Martin Rumsby on Tony Fomison:
“After studying Art History for several years I found that I had more questions than answers and so sought out a number of New Zealand artists in person to help clarify my thoughts.
“Tony was one of these artists and he was extremely generous with his time and, in a way, mentored me, as he did with many other young and aspiring artists. We had a rich and valued friendship which shaped my thoughts and perceptions of art and artists.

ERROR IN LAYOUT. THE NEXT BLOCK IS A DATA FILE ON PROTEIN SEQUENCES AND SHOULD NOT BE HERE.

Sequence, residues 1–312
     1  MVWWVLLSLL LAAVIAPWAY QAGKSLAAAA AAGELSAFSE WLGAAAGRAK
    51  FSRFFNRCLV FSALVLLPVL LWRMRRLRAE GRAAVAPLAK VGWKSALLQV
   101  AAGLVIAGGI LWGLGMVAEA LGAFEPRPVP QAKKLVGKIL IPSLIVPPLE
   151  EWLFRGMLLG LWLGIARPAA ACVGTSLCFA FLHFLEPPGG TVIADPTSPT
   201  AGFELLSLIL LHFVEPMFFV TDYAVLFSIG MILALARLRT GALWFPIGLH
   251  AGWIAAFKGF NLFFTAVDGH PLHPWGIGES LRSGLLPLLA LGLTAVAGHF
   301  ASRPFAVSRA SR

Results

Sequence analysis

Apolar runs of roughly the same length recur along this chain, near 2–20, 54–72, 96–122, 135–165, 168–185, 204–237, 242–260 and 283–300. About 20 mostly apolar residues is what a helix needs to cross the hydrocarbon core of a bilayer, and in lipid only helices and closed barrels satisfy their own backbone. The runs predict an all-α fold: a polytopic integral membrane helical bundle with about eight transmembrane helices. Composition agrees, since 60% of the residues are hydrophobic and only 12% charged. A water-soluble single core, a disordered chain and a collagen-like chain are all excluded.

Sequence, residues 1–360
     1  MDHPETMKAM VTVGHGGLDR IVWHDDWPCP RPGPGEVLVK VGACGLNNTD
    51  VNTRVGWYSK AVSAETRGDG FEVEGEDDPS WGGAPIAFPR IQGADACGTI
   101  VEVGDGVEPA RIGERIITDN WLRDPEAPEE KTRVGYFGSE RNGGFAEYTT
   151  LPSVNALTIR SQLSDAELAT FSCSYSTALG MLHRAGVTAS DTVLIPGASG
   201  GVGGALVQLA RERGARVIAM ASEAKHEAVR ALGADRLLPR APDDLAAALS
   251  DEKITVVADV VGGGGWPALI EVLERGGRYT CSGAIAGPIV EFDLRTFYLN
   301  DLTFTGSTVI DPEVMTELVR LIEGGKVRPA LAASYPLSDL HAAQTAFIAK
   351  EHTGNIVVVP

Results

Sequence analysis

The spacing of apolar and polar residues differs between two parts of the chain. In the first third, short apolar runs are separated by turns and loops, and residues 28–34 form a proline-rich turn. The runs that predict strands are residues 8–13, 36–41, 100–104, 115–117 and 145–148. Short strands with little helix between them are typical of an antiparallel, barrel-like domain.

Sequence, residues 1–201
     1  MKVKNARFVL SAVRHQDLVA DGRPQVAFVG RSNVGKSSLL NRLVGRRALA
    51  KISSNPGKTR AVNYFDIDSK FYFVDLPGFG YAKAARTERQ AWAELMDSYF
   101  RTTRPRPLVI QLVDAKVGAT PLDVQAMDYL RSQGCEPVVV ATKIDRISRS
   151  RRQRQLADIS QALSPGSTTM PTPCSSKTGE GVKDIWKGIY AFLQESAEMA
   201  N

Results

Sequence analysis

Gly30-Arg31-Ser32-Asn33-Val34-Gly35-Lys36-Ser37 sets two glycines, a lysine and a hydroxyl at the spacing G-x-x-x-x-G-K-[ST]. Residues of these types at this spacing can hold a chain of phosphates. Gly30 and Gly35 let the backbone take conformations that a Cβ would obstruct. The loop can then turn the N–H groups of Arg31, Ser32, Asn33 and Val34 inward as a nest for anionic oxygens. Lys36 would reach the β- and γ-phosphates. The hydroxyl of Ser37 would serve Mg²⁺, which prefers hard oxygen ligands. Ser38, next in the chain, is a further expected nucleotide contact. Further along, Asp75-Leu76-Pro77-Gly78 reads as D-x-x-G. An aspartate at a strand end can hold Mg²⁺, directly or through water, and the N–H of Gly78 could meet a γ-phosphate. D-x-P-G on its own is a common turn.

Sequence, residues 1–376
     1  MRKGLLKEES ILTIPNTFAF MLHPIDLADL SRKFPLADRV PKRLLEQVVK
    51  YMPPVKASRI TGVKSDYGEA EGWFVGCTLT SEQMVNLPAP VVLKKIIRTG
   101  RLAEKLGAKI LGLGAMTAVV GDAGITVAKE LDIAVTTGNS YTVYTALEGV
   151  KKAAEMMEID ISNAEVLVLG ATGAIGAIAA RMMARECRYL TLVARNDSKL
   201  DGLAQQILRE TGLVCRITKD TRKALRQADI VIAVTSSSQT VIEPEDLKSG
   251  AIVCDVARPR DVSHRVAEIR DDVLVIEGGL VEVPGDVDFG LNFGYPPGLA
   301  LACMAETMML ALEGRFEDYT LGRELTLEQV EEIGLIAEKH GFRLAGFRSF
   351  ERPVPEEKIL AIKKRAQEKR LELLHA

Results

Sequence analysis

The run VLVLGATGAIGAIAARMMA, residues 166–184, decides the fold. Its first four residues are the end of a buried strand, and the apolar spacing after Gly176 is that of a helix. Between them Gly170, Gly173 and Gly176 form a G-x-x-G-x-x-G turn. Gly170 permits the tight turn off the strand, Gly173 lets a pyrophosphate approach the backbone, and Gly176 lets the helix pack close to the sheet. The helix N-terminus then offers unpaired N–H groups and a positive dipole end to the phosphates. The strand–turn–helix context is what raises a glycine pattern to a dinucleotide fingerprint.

“Tony taught me a lot in regards to my interests in art and anthropology, which he would have called inter-generational and inter-cultural communication.
“He was quite ambivalent about the School of Paris and its modernist descendants, although I believe that an argument could be made for Tony’s work on modernist and post-modernist grounds. An exercise that Tony would have had little time for. Tony believed instead in the pictorial and narrative functions of painting as a traditional means of communication. This also tied in quite closely with his belief in and adherence to the social role of the artist.”
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